> com_err.h with the supplied search path (and not internally).
    > If necessary, have --with-system-et-libs and --with-system-et-
    > includes
    > to find each of them separately.


    Yeah, it might be nice... but at some point the vast pile of --with-
    foo-libs options gets to be too much, and the right answer becomes
    "just tweak CPPFLAGS/LDFLAGS". The --with-foo-libs stuff, turning
    into -L options, also gives a false sense that you really could just
    get package foo from one place, and package bar from another, but
    really, you're adding both places (in some unknown order) to the list
    of places searched for packages foo and bar, and maybe only one of
    them in directories that only need one, etc. So if you have a couple
    versions of header foo or library quux installed in different places,
    especially if there are dependencies between them and other things
    you need to pull in, having these multiple options can cause serious
    problems that you don't tend to think about. The ordering issues are
    clear when CPPFLAGS and LDFLAGS are specified.

    > (b) ... and if so, the path for locating com_err.h must appear BEFORE
    > -I src/util/et/ .


    If --with-system-et is given, then src/util/et should not be in the
    include path at all.

    > On the other hand, one certainly doesn't want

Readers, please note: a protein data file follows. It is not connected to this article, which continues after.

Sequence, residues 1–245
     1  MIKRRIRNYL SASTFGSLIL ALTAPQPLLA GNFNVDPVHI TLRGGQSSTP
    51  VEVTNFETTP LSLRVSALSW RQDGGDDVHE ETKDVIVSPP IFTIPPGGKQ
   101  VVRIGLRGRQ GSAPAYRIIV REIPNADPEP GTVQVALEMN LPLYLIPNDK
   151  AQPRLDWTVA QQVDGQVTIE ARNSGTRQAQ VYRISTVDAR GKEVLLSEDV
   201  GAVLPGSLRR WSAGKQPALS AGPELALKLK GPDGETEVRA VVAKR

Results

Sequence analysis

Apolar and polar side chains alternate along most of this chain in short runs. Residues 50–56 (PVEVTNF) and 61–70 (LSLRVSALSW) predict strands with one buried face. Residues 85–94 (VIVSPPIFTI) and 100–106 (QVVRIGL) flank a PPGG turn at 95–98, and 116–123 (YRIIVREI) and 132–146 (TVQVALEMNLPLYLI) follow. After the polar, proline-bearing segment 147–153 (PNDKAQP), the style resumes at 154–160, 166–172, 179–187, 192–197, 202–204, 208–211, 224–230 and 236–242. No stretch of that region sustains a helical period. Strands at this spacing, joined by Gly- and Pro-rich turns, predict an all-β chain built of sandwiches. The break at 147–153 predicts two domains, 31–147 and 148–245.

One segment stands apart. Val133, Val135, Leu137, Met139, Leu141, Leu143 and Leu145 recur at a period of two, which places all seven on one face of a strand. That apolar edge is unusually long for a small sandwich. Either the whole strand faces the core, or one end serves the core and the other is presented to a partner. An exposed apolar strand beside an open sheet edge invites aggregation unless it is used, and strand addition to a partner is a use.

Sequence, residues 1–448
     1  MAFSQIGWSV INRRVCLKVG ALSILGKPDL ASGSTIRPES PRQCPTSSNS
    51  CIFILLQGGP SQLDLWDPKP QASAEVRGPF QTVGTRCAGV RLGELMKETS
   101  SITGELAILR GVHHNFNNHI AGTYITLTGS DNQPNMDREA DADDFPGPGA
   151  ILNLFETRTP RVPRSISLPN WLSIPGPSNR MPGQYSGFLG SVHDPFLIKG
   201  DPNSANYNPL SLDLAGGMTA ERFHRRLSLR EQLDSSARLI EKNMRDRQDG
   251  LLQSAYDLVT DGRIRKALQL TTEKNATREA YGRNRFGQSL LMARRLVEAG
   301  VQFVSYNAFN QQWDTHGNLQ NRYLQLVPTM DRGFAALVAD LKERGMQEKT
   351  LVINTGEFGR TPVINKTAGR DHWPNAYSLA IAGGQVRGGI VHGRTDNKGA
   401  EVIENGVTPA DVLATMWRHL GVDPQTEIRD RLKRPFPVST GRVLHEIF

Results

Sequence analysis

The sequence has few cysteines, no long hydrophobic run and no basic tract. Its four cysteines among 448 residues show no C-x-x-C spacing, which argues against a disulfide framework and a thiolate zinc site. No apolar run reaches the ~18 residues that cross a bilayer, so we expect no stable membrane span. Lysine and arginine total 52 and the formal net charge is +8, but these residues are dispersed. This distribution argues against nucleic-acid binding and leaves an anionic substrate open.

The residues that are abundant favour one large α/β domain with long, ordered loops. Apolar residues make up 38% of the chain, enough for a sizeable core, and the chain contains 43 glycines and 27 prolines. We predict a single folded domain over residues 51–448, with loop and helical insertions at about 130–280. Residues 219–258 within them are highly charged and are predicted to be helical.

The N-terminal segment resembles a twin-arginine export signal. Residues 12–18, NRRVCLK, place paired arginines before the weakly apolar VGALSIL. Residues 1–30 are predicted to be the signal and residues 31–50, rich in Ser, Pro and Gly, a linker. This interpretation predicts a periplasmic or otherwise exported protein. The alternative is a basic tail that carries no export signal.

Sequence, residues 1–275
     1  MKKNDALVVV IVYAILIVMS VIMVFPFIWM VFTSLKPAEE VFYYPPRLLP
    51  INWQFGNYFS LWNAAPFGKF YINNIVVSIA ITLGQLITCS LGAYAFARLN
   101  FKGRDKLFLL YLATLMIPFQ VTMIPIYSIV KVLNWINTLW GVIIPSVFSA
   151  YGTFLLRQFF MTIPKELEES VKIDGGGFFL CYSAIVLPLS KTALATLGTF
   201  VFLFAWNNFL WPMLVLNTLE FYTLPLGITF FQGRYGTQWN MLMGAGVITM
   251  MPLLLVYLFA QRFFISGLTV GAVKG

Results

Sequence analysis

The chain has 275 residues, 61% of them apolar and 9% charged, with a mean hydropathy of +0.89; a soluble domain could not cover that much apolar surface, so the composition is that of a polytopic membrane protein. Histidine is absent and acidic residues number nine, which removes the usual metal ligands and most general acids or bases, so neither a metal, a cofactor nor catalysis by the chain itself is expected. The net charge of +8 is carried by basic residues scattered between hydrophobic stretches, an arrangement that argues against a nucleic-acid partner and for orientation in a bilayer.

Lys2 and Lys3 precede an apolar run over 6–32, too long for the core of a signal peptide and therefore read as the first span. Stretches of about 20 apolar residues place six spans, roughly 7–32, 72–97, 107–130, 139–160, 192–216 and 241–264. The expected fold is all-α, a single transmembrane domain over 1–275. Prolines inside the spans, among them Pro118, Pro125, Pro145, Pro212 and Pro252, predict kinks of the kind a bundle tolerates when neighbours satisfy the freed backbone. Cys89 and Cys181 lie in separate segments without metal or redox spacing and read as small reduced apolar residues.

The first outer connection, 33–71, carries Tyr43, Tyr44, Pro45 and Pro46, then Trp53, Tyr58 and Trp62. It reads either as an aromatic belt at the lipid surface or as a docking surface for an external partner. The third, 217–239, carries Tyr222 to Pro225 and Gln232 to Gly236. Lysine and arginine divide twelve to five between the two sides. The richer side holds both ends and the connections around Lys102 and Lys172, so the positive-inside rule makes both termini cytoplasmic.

> to search usr/include before ALL local paths (surely?).
    > Some really weird person might have put com_err.h immediately
    > inside /usr/include ! Pending international agreement that
    > this is
    > a war crime carrying a summary death penalty, it needs to be
    > accommodated. (O, for a compiler which DOES make demons fly
    > out of some people's noses...)


    No, in fact, I'd say the include path should be (1) build-tree and
    source-tree directories (but not including directories for packages
    for which system versions will be used), (2) configure-time specified
    directories, and then (3) /usr/include.

    > Conclusion:
    > It's time, I think, to use a macro for the actual header specification
    > and force it through with a global header (you don't have one at
    > present, which is perhaps a mistake) or (what seems to be your